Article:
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What is AFSPA?

What is AFSPA?
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Rights activists and a former top cop on Thursday hailed Tripura’s decision to withdraw the controversial Armed Forces Special Powers Act (Afspa),...

Rights activists and a former top cop on Thursday hailed Tripura’s decision to withdraw the controversial Armed Forces Special Powers Act (Afspa), saying it could serve as a precedent for total repeal of the legislation blamed for excesses by security forces.


The AFSPA, in force in a few states in the northeast and Jammu and Kashmir, grants special powers to the armed forces, the most controversial being the legal immunity it provides to army officers. The law also gives special powers for detaining, using lethal force and entering and searching premises without warrant. Rights activists have long been demanding repeal of the act but the defence ministry has stoutly defended it on the grounds of battling armed insurgents.


On Wednesday, the Left Front-led government in Tripura decided to withdraw the law in view of ebbing militancy in the state. The law was imposed in the state in 1997 to battle two militant outfits – All Tripura Tiger Force (ATTF) and National Liberation Front of Twipra (NLFT) – engaged in violent attacks on security forces as well as civilians.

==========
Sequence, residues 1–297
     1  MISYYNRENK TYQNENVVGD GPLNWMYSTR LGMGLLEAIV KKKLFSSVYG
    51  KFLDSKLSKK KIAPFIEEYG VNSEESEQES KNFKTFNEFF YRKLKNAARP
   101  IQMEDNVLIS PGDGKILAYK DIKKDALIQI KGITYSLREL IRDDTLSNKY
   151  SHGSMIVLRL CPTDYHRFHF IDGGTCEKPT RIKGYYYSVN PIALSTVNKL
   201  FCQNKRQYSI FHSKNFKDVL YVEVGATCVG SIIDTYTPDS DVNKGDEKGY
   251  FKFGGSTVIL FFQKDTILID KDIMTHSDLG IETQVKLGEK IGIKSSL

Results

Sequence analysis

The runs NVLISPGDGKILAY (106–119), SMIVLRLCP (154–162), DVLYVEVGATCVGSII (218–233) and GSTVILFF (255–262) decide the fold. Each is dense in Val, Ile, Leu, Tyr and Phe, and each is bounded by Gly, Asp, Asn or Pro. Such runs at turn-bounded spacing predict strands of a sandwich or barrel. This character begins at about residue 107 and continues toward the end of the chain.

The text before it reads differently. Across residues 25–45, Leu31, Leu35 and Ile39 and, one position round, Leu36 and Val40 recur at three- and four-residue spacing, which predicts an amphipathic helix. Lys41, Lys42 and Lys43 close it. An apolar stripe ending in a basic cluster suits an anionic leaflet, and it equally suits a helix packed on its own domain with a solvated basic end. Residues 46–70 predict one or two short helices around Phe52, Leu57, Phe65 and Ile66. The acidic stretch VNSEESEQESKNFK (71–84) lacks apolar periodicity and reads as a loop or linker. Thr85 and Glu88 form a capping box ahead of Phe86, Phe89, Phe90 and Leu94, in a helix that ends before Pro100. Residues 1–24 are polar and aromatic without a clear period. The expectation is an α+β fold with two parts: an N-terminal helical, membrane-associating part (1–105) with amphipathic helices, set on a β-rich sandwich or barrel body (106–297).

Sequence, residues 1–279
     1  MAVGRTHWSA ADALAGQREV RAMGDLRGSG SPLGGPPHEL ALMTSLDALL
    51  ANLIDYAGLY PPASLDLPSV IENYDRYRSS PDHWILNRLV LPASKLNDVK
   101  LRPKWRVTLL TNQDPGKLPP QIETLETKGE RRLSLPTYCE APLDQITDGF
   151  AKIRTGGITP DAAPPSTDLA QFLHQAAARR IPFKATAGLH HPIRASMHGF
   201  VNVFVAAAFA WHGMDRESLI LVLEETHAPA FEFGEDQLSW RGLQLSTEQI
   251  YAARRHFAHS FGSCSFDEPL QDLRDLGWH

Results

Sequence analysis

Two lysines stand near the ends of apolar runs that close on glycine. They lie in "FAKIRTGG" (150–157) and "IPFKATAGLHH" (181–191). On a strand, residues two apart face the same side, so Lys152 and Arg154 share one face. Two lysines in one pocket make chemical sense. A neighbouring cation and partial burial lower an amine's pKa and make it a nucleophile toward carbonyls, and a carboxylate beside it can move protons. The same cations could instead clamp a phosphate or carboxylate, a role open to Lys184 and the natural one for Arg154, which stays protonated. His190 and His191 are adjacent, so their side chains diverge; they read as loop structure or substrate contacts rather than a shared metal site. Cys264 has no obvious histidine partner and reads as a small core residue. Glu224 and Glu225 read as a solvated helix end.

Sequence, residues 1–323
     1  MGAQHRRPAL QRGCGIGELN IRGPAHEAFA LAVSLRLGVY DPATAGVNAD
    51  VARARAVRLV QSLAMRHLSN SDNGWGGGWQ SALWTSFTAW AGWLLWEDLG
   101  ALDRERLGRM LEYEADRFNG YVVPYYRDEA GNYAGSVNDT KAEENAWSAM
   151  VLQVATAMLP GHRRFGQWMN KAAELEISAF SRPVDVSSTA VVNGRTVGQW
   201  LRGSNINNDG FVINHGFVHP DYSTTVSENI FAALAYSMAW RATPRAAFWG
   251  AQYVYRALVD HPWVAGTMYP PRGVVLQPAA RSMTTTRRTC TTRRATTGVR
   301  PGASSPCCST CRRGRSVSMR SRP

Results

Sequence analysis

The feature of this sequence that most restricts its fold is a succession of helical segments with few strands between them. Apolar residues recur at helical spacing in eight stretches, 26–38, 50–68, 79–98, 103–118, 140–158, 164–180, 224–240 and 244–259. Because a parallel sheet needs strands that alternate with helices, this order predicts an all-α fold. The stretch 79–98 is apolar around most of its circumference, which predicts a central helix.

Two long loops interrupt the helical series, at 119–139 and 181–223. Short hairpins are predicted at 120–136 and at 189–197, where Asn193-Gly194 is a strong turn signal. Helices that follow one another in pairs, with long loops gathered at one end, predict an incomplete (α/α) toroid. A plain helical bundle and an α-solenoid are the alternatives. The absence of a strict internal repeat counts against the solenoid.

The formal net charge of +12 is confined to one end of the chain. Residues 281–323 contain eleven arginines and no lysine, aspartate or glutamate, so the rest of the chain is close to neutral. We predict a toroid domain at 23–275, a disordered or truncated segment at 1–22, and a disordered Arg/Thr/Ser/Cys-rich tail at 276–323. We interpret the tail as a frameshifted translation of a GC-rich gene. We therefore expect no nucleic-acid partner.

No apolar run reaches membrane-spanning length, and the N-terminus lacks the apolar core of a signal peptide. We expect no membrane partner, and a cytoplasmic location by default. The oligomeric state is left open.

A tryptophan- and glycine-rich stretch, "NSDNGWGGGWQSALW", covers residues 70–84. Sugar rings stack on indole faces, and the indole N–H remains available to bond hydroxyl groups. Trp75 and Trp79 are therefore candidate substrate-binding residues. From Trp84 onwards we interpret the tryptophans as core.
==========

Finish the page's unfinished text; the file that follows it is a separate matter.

The law, which protects the forces from litigation and investigation for counter-terror operations, has been criticized as an excuse for army excesses; the army can shoot to kill, keeping suspects in custody without trial and make arrests without a warrant. The law is in force in four other northeastern states and Jammu and Kashmir.


The states can remove the law without consulting the Centre, say officials, but ground realities have been far more complicated in states like Jammu and Kashmir and Manipur. In Manipur, activist Irom Sharmila has been on a fast since 2000 against AFSPA and alleged army atrocities, but the state government says it cannot afford to let go of army control.


In Jammu and Kashmir, political parties across the spectrum want the law scrapped but the recommendation has never gone to the Centre, because the decision has to be taken by a unified command that includes the army. The law was imposed in Tripura in 1997 to tackle insurgency in the state, following a spurt of militant violence. But in recent years, the state has been largely peaceful.

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